Deb Wolf, CMO for Integration, shares his views on the challenges marketers face and how to overcome them.
When we visualize the buyer’s perfect journey, we look at it from a marketing perspective and wonder what we want to achieve with our proposals. Ultimately, however, the definition of the perfect trip lies in the eyes of the buyer. The buyer doesn’t really care about your programs, your channels, or the technology you use, they’re just trying to get enough information to make a purchase decision.
We recently spoke with Deb Wolf, General Manager of Integrate, about the perfect way for the buyer and the barriers for marketing teams to deliver the ideal customer experience. In the upbeat conversation below, you’ll find Wolf-specific tips for connecting isolated channels, technologies, and teams and why they’re so important today.
Q: As a B2B buyer and marketing expert, can you share your thoughts on the buyer’s perfect journey?
A. When we as customers purchase technology or marketing services, we want to understand the mission of the company with which we do business and its products and resources. We want to understand which customers are using their solutions and what value they derive from them.
There is a natural flow of information that customers are looking for, and it is not linear. As with any B2B purchase, there can be 16 to 20 potential people involved in the decision-making process, and we all have different needs. My opinion about approving the purchase decision differs from the system user. They will look for more information about the functionality, while I look for more value. And your shopping needs, be it our privacy or personal security, are completely different from what we as users need.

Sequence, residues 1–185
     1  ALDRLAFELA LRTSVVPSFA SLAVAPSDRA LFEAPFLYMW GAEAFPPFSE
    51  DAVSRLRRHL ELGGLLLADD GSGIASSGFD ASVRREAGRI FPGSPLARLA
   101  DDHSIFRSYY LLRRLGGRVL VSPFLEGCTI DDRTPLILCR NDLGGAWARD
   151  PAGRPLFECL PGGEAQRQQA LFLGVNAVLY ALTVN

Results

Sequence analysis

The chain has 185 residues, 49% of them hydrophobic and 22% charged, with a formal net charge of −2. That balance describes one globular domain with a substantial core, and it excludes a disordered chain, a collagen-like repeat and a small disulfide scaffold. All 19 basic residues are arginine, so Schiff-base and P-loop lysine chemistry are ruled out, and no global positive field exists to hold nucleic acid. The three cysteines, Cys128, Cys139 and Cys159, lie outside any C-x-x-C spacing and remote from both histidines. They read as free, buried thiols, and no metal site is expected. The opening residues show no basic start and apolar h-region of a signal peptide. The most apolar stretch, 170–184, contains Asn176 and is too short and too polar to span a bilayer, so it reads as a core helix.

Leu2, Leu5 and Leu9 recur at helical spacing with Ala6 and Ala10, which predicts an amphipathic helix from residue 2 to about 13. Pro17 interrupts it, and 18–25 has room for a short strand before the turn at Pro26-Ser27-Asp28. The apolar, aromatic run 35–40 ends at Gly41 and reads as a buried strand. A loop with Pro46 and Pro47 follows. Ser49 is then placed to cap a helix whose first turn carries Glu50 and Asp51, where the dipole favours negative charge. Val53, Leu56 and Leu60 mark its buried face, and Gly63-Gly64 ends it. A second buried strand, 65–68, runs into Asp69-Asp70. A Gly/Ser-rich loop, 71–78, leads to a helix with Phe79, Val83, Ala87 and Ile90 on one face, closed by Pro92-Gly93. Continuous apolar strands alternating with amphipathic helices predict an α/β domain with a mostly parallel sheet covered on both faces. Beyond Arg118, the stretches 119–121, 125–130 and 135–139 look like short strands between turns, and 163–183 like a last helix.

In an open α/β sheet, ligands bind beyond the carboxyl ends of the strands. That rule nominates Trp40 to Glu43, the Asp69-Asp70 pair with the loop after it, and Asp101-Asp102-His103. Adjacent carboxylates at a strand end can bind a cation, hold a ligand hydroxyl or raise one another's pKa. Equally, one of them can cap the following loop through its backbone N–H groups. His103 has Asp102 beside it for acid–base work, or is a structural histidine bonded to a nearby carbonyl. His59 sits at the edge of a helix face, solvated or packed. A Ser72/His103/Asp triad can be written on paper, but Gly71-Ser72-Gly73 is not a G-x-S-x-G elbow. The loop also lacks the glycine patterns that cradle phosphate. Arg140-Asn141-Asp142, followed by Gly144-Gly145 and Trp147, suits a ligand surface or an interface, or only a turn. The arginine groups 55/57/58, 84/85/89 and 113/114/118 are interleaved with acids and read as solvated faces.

Therefore, it is ideal for the buyer to personalize the experience of those looking for information about their business. As marketers, we must treat our buyers the way we want to be treated.
Where do we stop making connections?
Q. Can you describe some of the different silos we see in marketing today that prevent us from achieving the buyer’s ideal journey?
A. Silos usually exist in four different marketing areas: channels, technology, data, and your team. Ultimately they are connected, but I think it really starts with the teams and the way we work.
Marketing teams have many experts and few generalists. Opportunity marketers plan opportunities. Making a professional question provides clues. The PR team focused on the media they captured. And some of these marketers, if any, go through the buyer’s or account’s entire journey.
In fact, we have no role within the marketing organization whose job is to build the buyer’s horizontal path. This must be done through the team’s collaboration to create the experience we want to deliver. Few people really think about the impact the entire experience has on our potential customers.
If we think of our demand channels as streets – where each field is different in its own way – it seems that our teams sometimes compete with each other. Everyone wants to be the first to talk to the customer, be the first to receive an orientation credit, and so on.